Don’t Put All your Eggs in One Basket
Portfolio Protection, Step #3: In my article “5 Steps to Protect your Portfolio” the third step I discuss is diversifying your investments to reduce the volatility and risk of your portfolio. You can think of diversification simply as this, “Don’t put all of your eggs in one basket.” Instead, create a...
Portfolio Protection, Step #3:
In my article “5 Steps to Protect your Portfolio” the third step I discuss is diversifying your investments to reduce the volatility and risk of your portfolio.
You can think of diversification simply as this, “Don’t put all of your eggs in one basket.” Instead, create a portfolio that has a variety of non-correlating assets, essentially, assets whose prices move in opposite directions. That way, if one stock or sector or style of investing underperforms, you have a fighting chance that some of your other assets will rise, ultimately reducing your losses.
Many investors pay no attention to diversification. Instead, they find a sector or industry they like and invest their entire portfolios in one place. That’s great if all of those stocks just keep going up. But the laws of nature—and the stock market—never work that way for long. Consequently, those investors eventually lose their shirts because even the very best sectors don’t rule the market forever.
The bottom line is this: By adequately diversifying your portfolio, you reduce the risk that all of your assets will decrease in value simultaneously.
Having said that, you should know that there is no perfect selection of non-correlating assets. Like all aspects of investing, the correlation of assets is subject to change over time, through different economic and investment cycles.
As a result, you should think of your portfolio diversification as a moving target. You will need to monitor it regularly so that you can move investments in and out, as cycles change. Fortunately, the major economic cycles are generally years-long.
Broadly speaking, there are three major long-term economic cycles:
- Recession ends and expansion begins, the early cycle when the stock market generally makes the most impressive gains, and more cyclical and high-growth stocks (such as small caps) typically do well.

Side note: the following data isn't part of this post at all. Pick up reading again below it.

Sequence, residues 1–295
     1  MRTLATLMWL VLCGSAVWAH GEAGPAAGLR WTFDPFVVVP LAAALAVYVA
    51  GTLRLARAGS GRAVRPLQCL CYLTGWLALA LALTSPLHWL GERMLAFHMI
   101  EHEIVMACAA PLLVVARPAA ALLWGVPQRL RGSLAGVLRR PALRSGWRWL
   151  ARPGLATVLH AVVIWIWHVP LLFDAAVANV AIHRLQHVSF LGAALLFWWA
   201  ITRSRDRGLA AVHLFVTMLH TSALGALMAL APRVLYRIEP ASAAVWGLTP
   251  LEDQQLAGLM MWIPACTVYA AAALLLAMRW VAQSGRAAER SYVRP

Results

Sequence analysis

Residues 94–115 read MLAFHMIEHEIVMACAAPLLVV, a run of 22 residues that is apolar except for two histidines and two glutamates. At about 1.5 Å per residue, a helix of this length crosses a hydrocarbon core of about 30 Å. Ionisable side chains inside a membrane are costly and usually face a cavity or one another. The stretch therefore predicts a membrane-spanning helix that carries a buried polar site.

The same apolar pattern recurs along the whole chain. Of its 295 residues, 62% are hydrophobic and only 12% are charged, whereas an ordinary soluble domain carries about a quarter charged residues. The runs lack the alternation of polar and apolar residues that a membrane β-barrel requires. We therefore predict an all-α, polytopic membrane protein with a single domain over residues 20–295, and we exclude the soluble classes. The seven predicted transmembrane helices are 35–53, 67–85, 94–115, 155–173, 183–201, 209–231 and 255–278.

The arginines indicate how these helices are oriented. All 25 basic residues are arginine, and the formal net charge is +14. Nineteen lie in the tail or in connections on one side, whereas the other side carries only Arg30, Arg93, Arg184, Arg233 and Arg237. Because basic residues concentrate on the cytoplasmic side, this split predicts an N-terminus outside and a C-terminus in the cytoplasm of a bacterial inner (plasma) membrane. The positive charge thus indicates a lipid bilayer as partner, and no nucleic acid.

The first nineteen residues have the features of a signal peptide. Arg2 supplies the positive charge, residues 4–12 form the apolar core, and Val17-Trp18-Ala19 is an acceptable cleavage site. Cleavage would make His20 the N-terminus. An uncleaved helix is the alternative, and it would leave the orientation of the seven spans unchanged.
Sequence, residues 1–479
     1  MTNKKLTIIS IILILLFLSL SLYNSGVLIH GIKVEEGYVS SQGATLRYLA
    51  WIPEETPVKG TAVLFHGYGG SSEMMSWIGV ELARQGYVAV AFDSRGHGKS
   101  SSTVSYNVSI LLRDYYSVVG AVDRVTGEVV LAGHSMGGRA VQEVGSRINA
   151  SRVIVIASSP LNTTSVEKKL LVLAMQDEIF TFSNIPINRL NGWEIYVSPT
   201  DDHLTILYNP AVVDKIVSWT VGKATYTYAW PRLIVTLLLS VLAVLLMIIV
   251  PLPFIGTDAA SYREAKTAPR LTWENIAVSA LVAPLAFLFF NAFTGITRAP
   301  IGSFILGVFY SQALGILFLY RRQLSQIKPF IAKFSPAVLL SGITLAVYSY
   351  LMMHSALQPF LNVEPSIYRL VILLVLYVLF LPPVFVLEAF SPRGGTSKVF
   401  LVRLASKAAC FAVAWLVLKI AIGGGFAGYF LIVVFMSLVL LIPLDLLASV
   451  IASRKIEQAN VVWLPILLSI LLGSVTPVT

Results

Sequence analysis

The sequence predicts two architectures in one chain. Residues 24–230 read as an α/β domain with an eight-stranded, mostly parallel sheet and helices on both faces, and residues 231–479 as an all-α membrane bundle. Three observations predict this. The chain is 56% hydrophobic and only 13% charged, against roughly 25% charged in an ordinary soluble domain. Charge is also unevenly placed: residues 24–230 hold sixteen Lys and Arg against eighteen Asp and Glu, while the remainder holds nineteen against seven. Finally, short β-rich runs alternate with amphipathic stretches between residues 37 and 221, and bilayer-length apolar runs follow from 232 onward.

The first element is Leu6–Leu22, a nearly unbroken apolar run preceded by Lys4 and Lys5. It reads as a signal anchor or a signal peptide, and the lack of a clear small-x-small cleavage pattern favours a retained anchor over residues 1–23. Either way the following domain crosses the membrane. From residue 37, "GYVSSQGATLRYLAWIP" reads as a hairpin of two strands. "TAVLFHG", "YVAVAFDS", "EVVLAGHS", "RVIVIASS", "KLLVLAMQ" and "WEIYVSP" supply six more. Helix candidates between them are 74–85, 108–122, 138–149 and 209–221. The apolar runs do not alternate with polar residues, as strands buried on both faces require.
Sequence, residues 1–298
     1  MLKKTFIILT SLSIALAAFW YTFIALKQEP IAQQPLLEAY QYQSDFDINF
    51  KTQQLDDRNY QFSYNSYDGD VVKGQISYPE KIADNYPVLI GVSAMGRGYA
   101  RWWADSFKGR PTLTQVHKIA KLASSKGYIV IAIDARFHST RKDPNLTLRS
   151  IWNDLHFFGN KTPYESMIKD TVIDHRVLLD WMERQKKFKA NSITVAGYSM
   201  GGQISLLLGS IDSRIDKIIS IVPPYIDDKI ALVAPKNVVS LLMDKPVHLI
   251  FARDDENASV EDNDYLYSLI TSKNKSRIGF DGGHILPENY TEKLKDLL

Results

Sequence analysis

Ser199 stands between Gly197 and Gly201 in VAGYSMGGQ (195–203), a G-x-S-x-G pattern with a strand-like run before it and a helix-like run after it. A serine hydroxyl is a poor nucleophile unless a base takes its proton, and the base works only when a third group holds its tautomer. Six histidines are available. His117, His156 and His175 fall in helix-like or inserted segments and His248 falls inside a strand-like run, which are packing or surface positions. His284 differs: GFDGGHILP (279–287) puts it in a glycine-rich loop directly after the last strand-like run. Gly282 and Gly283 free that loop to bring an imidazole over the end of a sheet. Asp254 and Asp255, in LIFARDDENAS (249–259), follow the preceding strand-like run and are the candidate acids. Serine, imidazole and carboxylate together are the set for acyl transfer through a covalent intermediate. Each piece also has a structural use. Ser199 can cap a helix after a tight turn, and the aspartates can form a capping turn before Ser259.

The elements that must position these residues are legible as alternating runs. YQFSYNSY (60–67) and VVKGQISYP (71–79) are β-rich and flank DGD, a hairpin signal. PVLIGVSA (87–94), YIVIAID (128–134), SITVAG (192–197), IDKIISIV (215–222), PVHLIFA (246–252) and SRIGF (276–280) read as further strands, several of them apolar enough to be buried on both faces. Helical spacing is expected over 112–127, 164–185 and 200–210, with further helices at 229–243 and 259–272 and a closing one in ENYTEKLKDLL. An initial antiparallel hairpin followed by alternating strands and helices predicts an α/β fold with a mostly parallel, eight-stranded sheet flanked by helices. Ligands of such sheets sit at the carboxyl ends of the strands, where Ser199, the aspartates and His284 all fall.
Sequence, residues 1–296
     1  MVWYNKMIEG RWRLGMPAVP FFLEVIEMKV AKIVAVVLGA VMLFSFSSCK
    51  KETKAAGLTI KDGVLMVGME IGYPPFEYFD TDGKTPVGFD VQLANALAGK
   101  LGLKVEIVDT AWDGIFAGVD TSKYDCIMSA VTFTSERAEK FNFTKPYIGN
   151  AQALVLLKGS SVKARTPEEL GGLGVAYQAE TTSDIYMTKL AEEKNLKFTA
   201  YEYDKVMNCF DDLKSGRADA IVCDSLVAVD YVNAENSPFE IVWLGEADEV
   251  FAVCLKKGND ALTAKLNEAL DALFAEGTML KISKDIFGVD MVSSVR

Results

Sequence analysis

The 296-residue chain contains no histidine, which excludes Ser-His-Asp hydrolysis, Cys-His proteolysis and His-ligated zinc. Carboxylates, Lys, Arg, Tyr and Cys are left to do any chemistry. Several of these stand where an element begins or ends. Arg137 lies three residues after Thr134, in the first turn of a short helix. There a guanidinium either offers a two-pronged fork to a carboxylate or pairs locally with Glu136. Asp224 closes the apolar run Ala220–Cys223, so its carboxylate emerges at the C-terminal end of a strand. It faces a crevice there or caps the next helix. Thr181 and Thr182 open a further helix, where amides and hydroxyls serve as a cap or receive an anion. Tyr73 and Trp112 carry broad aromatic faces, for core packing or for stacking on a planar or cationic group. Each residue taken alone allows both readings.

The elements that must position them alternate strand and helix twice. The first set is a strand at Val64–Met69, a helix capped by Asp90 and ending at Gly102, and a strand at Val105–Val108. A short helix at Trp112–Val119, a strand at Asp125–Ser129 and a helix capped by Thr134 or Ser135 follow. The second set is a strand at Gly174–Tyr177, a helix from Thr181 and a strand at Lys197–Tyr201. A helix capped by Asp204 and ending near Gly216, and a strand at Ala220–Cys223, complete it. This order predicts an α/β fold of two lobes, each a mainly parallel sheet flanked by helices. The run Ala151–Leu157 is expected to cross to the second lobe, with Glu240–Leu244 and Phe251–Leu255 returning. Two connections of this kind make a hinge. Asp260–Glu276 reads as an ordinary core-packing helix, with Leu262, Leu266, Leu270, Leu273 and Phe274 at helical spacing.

- The Fed raises interest rates as the economy heats up. About three months prior to this, and continuing for about nine months after, we enter a mid-cycle, when returns continue to be better than average, but not as good as in the early phase. Attractive stocs begin shifting to the cyclical, high-yield investments.
- An expansion ends and a recession begins. About six months prior to the recession, stocks begin to turn flat, then begin to decline during the recession, with investors flocking to less economically-sensitive, more defensive stocks.
We’ve had a tremendous run (the early cycle) since March 2009 when the Dow Jones Industrial Average bottomed out at 6,547. After fabulous returns in 2013, this year is shaping up to be more of a stock picker’s market, yet I believe that we are still in the early stages of an expansionary period.
According to Morningstar, the best sectors in the last three years were:
- Healthcare, 30.51%
- Technology, 24.20%
- Consumer Cyclical, 24.05%
- Financial Services, 22.21%
- Industrials, 20.79%
Fast-forward to how those sectors are doing so far in 2015:
- Healthcare, 14.46%
- Technology, 12.57%
- Consumer Cyclical, 11.52%
- Financial Services, 10.83%
- Industrials, 10.83%
Since the beginning of 2015, all of these sectors remain some of the best performers, but Real Estate leads the pack for year, with a 21.10% gain so far. But looking back 5 years, the best performers were Healthcare, Consumer Cyclical, Consumer Defensive, Industrials, and Communication Services. That gives you a good idea why diversification is so important. Had you just bought only the best-performing sectors of the last five years, you would most likely be suffering some losses or, at least, not gaining as much as you might have had you been more widely diversified.
As well as paying attention to market cycles, sectors and industries, I think investors should also diversify among these groups:
- Small-cap companies, with market caps between $300 million and $2 billion
- Mid-cap companies, with market caps between $2 billion and $10 billion
- Large-cap companies, with market caps more than $10 billion
- International stocks
- Growth stocks
- Value stocks
- Dividend-paying stocks
- Fixed-income investments
The percentage devoted to each of these investments will greatly depend on your personal investment style and risk profile, as well as how soon you will need the money you are investing. Please take my Investor Profile Survey if you would like to determine your risk tolerance. But during different economic and market cycles, investors may want to focus on moving a larger percentage of their portfolios into those companies that tend to gain during those particular periods of time.